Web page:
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September 13th 2016 is World Sepsis Day. Why not take a look at one of the most common and deadly diseases, and find out why it's called the "silent killer".

Sepsis is one of the most common deadly diseases in the world. Previously almost unconsidered in the Western world, recent tragic cases like the deaths of eleven-year-old Rory Staunton from New York and one-year-old William Mead from Cornwall, England have raised the profile of this potentially-fatal disease.

It's one of the only diseases to strike rich and poor, First World and Third World, with equal ferocity. Sepsis is increasing in the developed world at an unprecedented rate, by 8-13% per year. Despite antibiotics, and modern medical care, it is still one of the primary causes of death by infection, killing 44,000 people every year in the UK alone.

That's more than the number of people who die from breast and bowel cancer combined!

In the developing world, the figures are even higher. Sepsis accounts for 60-80% of childhood deaths, killing more than 6 million babies and children every year.

Worldwide, 50 people die from sepsis every single hour.

What is sepsis?

Commonly known as "blood poisoning", sepsis is a life-threatening reaction to an infection. It can develop as a response to any infection, including skin infection, pneumonia, a kidney infection, or appendicitis. However, sepsis can occur following routine operations, such as caesarean sections, or having a drip inserted.

When you have an infection, germs enter our body, causing illness.

Our body tries to fight the illness, but - in its attempt to protect us - our immune system causes widespread inflammation, leaky blood vessels and abnormal blood-clotting. This process damages the very organs that keep us alive. In severe cases, there is an extreme drop in blood pressure, the patient experiences multiple organ failure and dies of septic shock within hours.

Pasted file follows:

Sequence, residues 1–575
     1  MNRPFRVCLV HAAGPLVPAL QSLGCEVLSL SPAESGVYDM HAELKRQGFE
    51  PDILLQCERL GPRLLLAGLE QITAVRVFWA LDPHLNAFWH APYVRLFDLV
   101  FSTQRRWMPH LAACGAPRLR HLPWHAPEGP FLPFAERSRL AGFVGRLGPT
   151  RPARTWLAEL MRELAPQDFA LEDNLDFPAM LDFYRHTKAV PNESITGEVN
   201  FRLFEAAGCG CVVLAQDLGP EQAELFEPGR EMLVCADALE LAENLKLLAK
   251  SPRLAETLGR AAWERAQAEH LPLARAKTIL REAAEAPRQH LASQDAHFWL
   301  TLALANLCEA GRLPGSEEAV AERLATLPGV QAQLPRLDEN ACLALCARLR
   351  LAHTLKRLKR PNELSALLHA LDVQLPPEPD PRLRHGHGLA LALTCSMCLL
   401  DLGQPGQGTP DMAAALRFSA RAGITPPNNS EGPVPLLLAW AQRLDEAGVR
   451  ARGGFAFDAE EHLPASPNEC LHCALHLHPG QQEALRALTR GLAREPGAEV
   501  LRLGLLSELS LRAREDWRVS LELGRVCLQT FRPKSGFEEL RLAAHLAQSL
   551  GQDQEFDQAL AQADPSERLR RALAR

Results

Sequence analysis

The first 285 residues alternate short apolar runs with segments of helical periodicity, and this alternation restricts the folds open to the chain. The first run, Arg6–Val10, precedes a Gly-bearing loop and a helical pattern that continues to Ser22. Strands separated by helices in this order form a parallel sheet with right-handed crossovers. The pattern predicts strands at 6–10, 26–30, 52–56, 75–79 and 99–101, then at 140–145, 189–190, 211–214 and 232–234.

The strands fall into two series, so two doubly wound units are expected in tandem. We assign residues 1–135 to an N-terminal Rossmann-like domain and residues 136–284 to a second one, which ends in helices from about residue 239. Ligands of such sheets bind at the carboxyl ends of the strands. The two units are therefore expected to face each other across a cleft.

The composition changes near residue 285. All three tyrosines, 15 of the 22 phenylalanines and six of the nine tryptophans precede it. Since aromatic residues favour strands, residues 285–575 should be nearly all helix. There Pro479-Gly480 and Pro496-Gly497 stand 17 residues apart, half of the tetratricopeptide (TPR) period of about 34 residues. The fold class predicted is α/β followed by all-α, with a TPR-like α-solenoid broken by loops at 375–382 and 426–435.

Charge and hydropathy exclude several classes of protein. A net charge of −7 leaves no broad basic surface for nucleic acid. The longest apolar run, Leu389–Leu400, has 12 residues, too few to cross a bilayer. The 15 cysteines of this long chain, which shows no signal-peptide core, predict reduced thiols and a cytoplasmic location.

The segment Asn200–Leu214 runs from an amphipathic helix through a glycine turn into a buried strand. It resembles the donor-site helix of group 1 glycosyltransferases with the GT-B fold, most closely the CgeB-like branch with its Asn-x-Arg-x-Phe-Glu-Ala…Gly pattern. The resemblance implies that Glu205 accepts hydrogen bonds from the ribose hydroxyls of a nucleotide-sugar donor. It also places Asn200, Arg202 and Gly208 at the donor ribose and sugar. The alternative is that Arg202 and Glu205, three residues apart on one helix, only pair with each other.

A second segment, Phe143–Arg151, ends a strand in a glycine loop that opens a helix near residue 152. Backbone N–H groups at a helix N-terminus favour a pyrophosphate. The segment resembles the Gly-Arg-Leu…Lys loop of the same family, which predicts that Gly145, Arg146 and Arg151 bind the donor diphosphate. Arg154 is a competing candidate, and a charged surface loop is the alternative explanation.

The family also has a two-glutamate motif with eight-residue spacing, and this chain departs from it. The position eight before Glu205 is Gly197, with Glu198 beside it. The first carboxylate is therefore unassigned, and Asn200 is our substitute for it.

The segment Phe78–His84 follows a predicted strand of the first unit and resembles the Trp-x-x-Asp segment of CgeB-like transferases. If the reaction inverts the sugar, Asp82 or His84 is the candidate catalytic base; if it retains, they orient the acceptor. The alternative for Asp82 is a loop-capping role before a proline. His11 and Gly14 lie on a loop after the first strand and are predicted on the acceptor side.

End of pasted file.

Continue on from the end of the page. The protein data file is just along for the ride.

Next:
How quickly does that happen?

The process varies from person to person. Some patients become very ill very quickly, deteriorating rapidly and dying within a few hours of sepsis infection.

The best thing you can do is seek immediate medical attention if you experience symptoms.

Every hour of delay in treatment reduces your chance of survival by 7.6%

What are the symptoms of sepsis?

There's no single sign of sepsis. However, if you get this combination of symptoms after an infection of any kind (whether viral, bacterial or fungal - though bacterial is most common), go see your doctor:

  • Shivering, fever, or very cold
  • Extreme pain or severe discomfort (especially the "worst ever")
  • Pale or discoloured skin
  • Sleepy or confused
  • I feel like I might die
  • Short of breath
So, if you have any symptoms of infection (diarrhoea, sore throat, nausea), look out for SEPSIS.

Who gets sepsis?

Anyone can get sepsis, although it's most common in the following vulnerable groups:

  • Babies and young children
  • Older people
  • People with chronic illness: diabetes, AIDS, cancer, kidney and liver disease
  • People with a severe burn or wound
  • Pregnant women

How is Sepsis diagnosed?

Sepsis is diagnosed by doctors checking the heart rate, respiratory rate, and examining the patient for fever. Your doctor will usually perform a blood test to see if you have an abnormally-high number of white blood cells, a sign of infection. Further blood tests and urinalysis may be used to find infectious agents. A CT scan may be performed to help find the initial site of infection.

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